The United States is calling on Liberian President Charles Taylor to live up to his stated commitments and step aside to allow a transitional government to be formed in the war-torn country. The State Department says there "is no place" for Mr. Taylor in any future Liberian government.
The United States, along with the European Union, Nigeria and Ghana, signed last Tuesday's Liberian cease-fire accord as an observer. And it is calling on Mr. Taylor to adhere to his obligation under the agreement to step down and cede power to an interim government to be set up in Monrovia within 30 days.
Mr. Taylor, the Liberian warlord-turned-president, threw the country's peace process into doubt Friday with a broadcast statement that he would not step down before his term ends in January, and that he reserved to right to run again whenever new elections are held.
At briefing here, State Department spokesman Philip Reeker noted that Mr. Taylor had told assembled African heads of state June 4 at the opening of Liberian peace talks in Ghana that he was prepared to step aside in the interest of peace, and that his representatives signed the truce agreement Tuesday providing for an interim government that would specifically exclude him.
"We believe that Charles Taylor must abide by these two commitments," said spokesman Reeker. "And we call on the delegates to the Accra talks to agree promptly on the terms of a transition government as they had agreed to do. And we hope that this transition government will be able to take office as soon as possible. We believe that there's no place for Charles Taylor in the transitional government or in any future government of Liberia."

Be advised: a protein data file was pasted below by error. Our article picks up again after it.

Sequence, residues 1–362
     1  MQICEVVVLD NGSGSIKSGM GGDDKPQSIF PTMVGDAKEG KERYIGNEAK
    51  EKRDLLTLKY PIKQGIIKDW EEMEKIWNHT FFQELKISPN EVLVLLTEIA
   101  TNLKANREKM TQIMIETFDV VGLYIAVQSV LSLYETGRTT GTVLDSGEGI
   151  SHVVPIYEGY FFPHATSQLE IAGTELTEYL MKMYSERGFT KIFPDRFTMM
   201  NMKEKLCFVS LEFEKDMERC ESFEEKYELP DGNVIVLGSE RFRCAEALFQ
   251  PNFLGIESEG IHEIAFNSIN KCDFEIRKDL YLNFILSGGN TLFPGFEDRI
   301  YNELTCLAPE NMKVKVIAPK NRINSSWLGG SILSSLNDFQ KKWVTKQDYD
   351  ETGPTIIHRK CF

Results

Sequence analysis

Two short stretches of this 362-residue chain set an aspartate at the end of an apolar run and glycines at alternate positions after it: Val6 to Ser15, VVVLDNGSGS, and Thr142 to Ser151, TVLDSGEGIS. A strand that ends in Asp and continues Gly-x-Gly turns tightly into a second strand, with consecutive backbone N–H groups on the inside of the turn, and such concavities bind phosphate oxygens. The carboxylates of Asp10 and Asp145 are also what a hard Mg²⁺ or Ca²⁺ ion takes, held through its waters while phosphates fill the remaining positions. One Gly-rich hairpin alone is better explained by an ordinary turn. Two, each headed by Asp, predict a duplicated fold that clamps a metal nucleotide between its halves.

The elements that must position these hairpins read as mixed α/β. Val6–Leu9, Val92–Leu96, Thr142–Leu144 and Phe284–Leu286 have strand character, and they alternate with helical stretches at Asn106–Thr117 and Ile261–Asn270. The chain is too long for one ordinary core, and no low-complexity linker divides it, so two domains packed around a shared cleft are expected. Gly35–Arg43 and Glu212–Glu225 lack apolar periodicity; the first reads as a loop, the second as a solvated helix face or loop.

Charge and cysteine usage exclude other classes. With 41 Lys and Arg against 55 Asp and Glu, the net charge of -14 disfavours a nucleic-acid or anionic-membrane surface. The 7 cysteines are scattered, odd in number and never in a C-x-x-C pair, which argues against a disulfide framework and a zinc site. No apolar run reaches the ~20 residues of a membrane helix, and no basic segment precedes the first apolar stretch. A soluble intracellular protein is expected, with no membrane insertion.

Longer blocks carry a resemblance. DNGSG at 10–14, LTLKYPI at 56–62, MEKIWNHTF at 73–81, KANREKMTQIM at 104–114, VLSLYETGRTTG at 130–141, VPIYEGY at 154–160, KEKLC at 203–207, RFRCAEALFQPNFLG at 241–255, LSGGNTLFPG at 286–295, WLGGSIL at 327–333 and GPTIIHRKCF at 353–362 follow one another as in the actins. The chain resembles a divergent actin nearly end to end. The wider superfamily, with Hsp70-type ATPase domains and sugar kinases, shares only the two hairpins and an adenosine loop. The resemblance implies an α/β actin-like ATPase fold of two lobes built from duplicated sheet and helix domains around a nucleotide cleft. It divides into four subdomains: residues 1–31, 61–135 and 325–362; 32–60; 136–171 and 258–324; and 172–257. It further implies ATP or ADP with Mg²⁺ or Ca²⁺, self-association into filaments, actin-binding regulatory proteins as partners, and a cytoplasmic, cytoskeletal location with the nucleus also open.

Rebels who have been fighting since 1999 to oust Mr. Taylor, and now control most of the country, say they will not fulfill their part of the agreement unless he steps down.
Mr. Taylor, elected Liberia's president in 1997 after leading his own seven-year rebellion, is under U.N. sanctions as an instigator of conflict in neighboring states, and was indicted by a U.N. special court last month for war crimes by rebels in Sierra Leone.
In his broadcast appearance Friday in Monrovia, he said the Liberian peace process would be in doubt as long as any war crimes indictment against him was in effect.
Spokesman Reeker said the United States supports the Sierra Leone court and the pursuit of justice for those who committed atrocities in that country. However he declined to call for Mr. Taylor's surrender to prosecutors, referring the issue to the court itself.